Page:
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Nick is an entrepreneurial and collaborative strategic marketing & public affairs professional who’s responsible for leading SchoolDude’s marketing efforts.
You can find Nick on Google+
Together with a talented team of passionate marketers, Nick & SchoolDude's Marketing Team are responsible for strategy, revenue generation, market research, client lifecycle management, web/community/social engagement, communications and public relations.
Mirisis serves on several education committees and Boards, including:
Member, Board of Directors: National Business Officers Association (NBOA)
Member, Board of Directors; The Consortium for School Networking (CoSN)
Member, Board of Directors; The Public School Risk Institute (PSRI)
Member, Information Systems Committee; ASBO International
Prior to SchoolDude, Nick served as the Vice President for Public Affairs and Executive Engagement at the North Carolina Technology Association. He also served as Senior Vice President and Communications Director for a nationally-recognized government affairs, public opinion and strategic communications firm in Arlington, Virginia, working for various Fortune 100 clients, including: American Express, AT&T, Boeing, Federal Express, Hospital Corporation of America, Merrill Lynch, and Exxon Mobil.
Nick holds a Bachelor’s degree in Political Science from North Carolina State University and a Master’s degree in Government from Johns Hopkins University.
Summertime classes present potential obstacles for educators over and above waning student attention spans. The season's rising temperatures can create a serious impediment for students and teachers alike as they struggle to stay focused through increasingly hot and sweaty days. Students who are overheated or dehydrated are much more prone to distraction and loss of focus, and academic performance can take a hit if buildings aren't properly maintained to manage the heat.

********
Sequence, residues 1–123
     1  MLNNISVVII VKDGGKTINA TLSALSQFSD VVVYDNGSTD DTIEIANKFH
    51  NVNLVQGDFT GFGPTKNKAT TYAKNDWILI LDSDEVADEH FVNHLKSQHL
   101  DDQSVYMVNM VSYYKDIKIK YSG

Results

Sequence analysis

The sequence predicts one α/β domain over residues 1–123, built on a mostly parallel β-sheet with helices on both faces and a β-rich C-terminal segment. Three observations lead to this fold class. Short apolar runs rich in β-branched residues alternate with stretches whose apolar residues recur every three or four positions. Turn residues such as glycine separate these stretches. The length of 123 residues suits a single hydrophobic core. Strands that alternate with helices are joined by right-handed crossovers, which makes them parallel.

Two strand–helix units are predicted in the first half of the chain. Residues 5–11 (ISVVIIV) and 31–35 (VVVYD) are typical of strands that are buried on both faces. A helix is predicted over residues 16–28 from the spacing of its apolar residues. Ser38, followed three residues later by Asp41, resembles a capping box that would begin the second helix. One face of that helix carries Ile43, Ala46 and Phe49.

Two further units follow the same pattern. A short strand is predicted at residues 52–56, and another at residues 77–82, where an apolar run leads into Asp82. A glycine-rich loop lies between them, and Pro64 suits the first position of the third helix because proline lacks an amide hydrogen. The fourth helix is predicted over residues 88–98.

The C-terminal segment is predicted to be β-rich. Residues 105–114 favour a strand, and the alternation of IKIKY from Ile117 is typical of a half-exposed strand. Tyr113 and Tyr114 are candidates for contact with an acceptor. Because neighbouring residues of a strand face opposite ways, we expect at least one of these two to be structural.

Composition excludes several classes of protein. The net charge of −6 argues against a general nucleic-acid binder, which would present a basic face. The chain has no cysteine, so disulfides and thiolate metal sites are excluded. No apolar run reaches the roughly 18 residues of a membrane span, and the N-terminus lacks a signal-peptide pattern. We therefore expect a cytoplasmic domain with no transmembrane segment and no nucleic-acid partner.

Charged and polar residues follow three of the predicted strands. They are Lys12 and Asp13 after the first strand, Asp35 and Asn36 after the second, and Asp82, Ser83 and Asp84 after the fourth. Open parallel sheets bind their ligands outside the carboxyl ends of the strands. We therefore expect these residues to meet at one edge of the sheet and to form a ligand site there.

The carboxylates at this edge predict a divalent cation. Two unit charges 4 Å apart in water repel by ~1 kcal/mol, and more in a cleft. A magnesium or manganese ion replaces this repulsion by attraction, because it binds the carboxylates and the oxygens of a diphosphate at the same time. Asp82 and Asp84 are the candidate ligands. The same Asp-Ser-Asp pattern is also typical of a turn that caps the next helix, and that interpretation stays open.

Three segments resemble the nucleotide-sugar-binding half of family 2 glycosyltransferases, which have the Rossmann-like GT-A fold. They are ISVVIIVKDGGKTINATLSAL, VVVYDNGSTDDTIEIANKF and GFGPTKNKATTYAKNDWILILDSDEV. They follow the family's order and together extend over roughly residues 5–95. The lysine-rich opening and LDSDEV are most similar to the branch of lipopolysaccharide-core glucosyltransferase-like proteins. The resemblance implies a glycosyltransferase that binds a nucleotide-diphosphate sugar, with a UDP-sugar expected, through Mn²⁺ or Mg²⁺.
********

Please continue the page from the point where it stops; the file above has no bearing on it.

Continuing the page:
Structural solutions Some of the things that can be done to keep the heat at bay are fairly simple structural fixes. For example, The Boston Globe recommended keeping window shades drawn during evenings, weekends and other periods when the building isn't being used can cool schools by keeping them from baking in the window-amplified sun for hours or days at a time.
Additionally, windows in poor condition can create significant headaches for the Facilities Team both in heat management and energy efficiency. Older windows tend to be less energy efficient, meaning that they aren't as effective at keeping cool air in and hot, stifling air out. Inspect your school's windows to gauge their energy efficiency and replace older models with newer, Energy STAR-certified ones, or provide tinted window film if your district's capital and planned maintenance plan doesn't cover a full replacement.
Another structural opportunity for keeping the heat out sits right over your head. Maintenance teams should be keeping on top of roof repairs and conducting regular preventive maintenance, but the summertime provides extra incentive to make sure that roofs are properly sealed and insulated. Some schools and facilities have installed rooftop gardens to assist with building insulation. According to Scientific American, these structures are a green and eco-friendly way to keep buildings cool by absorbing extra heat.
Give your AC a tune-up Some older buildings may not have air conditioning systems. Administrators who do, however, should make energy efficiency a main focus of preventive and in the summer. Summer creates a unique challenge in the form of a balancing act between cool schools and low utility bills. Fortunately, many building automation services and CMMS provide utility tracking built-in as a way to keep on top of your school's energy consumption. That way, it's possible to determine if your HVAC system needs maintenance, or even if you need to look into updating your air conditioning to a newer, more energy efficient model.